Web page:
Wednesday, August 12, 2015

Applause! Applause! Review of Fantastic Four by Dr. Philip Ernest Schoenberg

This review of 20th Century Fox's Fantastic Four was written by Dr. Philip Ernest Schoenberg and published in Volume X, Issue 5 (2015) of the online edition of Applause! Applause!

Fantastic Four
Produced by 20th Century Fox
Directed by Josh Trank
Main Street Cinemas
72-66 Main Street
Flushing, New York 11367
Reviewed 8/9/15 

Fantastic Four is a contemporary re-imagining of Marvel's original and longest-running superhero series, first unveiled in November, 1961 by writer/editor Stan Lee, and artist/co-plotter Jack Kirby, for their launch of Marvel Comics. Although, at the time, I was a big Walt Disney fan and was a regular reader of DC Comics' superheroes Batman and Superman, I did like reading the debut issue of Marvel Comics and occasionally read subsequent issues. As I recall it, the art had a chisel-like feeling that somehow made it more realistic and energetic than the contemporary DC Comics.

The original Fantastic Four consisted of Mr. Fantastic (Reed Richards), who had the ability to stretch his body into incredible lengths and shapes; the Invisible Girl (now Invisible Woman to be Politically Correct) (Sue Storm), who can render herself invisible and project powerful force fields; the Human Torch (Johnny Storm), who can generate flames, surround himself with them and fly; and The Thing (Ben Grimm), who possesses superhuman strength and endurance due to the nature of his stone-like flesh, that originally looked more like dinosaur skin before further transforming into his trademark rocky appearance.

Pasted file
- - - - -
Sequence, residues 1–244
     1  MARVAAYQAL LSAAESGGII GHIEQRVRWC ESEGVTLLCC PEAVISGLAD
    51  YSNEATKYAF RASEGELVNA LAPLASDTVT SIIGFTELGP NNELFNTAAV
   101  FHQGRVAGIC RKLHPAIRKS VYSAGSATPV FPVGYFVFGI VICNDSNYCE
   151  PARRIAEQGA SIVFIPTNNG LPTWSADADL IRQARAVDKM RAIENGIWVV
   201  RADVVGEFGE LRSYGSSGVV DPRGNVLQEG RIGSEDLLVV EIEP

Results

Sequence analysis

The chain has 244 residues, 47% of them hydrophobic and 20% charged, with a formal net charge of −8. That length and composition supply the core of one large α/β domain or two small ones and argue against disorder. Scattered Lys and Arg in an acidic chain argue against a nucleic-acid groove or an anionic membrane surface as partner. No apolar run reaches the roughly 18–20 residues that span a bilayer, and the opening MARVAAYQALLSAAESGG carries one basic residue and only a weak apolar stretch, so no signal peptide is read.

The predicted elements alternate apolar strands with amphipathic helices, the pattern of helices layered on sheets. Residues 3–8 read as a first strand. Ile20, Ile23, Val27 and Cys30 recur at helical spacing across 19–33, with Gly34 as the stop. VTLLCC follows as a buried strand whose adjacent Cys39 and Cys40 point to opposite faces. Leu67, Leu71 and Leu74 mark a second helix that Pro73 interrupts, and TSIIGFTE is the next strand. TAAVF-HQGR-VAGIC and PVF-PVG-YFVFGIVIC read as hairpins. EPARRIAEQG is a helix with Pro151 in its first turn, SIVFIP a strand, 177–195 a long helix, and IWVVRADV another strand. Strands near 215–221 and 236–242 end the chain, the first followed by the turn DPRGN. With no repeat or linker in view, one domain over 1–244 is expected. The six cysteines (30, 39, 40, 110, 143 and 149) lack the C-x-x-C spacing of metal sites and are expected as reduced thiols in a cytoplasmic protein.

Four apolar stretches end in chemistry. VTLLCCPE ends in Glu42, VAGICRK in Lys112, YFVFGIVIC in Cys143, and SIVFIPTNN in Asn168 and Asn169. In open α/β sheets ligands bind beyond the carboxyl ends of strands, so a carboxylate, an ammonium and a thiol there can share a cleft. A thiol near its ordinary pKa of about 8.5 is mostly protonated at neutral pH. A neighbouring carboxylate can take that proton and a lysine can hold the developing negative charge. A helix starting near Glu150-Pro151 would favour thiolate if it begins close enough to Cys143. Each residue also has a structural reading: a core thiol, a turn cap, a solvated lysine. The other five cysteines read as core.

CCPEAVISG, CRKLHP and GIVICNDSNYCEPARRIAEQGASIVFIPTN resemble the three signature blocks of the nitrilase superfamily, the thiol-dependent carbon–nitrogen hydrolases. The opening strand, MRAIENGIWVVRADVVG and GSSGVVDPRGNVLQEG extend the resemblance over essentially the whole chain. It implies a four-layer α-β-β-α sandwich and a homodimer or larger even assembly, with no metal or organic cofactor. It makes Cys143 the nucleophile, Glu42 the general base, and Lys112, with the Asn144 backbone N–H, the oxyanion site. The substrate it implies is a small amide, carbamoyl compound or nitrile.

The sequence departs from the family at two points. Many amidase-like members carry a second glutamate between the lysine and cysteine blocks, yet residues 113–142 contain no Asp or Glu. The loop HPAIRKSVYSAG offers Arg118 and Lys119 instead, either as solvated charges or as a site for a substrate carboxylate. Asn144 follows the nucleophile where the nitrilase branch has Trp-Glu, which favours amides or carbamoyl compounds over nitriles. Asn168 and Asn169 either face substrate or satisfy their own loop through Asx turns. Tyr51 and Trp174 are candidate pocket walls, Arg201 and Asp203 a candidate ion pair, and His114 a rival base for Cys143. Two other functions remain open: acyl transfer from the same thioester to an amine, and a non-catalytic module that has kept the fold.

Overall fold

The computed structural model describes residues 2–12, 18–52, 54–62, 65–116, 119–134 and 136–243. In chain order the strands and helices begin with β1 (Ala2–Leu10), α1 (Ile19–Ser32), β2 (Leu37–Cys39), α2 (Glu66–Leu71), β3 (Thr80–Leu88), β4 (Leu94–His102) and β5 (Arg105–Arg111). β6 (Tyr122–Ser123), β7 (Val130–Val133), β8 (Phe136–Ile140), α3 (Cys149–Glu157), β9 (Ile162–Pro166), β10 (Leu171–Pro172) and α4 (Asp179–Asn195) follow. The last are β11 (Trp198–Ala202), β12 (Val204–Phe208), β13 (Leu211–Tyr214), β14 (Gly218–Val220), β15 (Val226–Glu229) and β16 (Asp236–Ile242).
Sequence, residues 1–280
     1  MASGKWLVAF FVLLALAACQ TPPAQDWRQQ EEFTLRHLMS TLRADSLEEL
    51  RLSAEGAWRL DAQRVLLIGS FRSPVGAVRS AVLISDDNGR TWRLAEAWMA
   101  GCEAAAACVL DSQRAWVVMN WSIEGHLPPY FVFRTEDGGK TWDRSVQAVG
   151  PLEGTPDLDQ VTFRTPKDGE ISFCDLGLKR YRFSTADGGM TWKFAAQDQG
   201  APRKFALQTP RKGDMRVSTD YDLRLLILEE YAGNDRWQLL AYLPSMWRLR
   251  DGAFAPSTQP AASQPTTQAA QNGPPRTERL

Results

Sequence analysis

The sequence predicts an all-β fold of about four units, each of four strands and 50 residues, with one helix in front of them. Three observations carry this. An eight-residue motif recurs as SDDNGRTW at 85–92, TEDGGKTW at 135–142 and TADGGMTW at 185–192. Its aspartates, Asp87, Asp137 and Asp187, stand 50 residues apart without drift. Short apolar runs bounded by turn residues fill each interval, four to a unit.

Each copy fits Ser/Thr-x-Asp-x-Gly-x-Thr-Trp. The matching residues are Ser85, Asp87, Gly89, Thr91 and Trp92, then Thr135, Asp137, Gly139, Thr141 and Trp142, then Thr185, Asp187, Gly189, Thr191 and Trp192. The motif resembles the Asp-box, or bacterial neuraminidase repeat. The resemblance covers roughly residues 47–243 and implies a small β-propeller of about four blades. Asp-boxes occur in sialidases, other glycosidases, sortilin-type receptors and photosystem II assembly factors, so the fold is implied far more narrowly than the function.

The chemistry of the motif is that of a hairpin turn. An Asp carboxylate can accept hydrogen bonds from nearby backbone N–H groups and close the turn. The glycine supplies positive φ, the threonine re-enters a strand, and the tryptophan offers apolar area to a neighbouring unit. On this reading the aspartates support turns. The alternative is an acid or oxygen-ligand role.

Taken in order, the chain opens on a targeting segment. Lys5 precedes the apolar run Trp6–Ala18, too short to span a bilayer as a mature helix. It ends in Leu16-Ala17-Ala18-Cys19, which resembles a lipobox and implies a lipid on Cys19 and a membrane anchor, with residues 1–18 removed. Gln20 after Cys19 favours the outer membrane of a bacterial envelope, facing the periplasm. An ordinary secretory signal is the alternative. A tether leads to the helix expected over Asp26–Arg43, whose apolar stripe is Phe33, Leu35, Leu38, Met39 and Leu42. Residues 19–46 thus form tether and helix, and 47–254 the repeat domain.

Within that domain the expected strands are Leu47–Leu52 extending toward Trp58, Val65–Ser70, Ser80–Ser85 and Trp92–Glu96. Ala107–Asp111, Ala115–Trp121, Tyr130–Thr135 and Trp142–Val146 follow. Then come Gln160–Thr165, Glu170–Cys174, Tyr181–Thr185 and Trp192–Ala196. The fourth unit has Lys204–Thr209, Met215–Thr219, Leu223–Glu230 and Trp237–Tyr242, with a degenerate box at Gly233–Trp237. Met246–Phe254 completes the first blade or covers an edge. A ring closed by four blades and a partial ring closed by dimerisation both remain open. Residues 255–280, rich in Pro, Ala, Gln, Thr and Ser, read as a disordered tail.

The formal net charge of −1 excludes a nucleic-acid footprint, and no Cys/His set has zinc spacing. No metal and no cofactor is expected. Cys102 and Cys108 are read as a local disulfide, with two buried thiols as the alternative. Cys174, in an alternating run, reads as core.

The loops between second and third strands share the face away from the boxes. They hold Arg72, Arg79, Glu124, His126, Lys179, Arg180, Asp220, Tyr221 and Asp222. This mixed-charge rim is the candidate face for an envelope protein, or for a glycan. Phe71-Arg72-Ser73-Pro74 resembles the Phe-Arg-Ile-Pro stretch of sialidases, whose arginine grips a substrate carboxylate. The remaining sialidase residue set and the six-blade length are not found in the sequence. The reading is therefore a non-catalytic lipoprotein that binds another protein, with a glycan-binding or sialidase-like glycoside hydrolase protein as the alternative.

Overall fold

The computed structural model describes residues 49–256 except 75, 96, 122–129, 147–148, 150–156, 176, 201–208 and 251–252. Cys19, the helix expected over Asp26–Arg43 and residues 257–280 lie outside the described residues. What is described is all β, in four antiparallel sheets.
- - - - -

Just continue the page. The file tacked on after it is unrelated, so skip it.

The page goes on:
In the original story as I remember reading it in the comic Fantastic Four #1, Reed Richards' spaceship was specifically referred to as a rocket and it was implied he and his friends went up in it in order to beat the Soviet Union to the moon. Fantastic Four #2 states he was trying to reach Mars. Twenty years later in Fantastic Four #236, it was stated that Reed's experimental ship was intended to travel to the edge of the solar system and while it needed a rocket booster to reach escape velocity from Earth's atmosphere, it relied on a Star Drive to reach its destination. This tale also goes on to expand on how the quartet were mutated and gifted with their superpowers. While Fantastic Four #1 merely states they were hit with "cosmic rays," Fantastic Four #236 goes further to explain that these rays passed through the Van Allen Belts that are held around the Earth by its magnetic field. Fantastic Four #358, published in 1991, states that their Star Drive was intended to bring the Fantastic Four into hyperspace in order to visit other solar systems, and that unusual sunspot activity from the Earth's sun also played a role in boosting the strength of the cosmic rays that mutated them. In the movie version, the classic rocket-based origin of Marvel's First Family is dropped in favor of one involving interdimensional teleportation and an undefined, conscious mystic energy, which was the same origin story first reported in 2004 in a comic book reboot entitled Ultimate Fantastic Four

In the movie version, the origins of The Fantastic Four are less heroic; in fact, they are stupid and foolish. Richards and the Strong siblings, along with Victor Von Doom, are disappointed when they are told by Dr. Allen, the Baxter Foundation's Supervisor, that NASA astronauts are going to be brought in and that they will be given the honor of being the first humans to venture to Planet Zero. (Professor Franklin Strong had promised them that they were going to be permitted to be the first to go). This was an entirely reasonable decision made by Dr. Allen given the seriousness of this scientific exploration and the millions of dollars that were expended to achieve these results. What is their reaction? The guys get drunk and decide to go first to get their names into the history books so they will be remembered. Reed Richards refuses to go unless his childhood buddy, Ben Grimm, is permitted to go too, but they all completely forget to invite Sue Strong, who was an essential part of their research team. Under the influence of alcohol, they explore Planet Zero at their peril and suffer the consequences. Left unexplained is how they dodged government security in order to take off. For the rest of the movie, we are expected to take the side of drunken teenagers over trained, experienced, adult, explorers. The assumption is that those corporate types, whether private or governmental, must possess selfish motives and that they want to hog all the glory for themselves.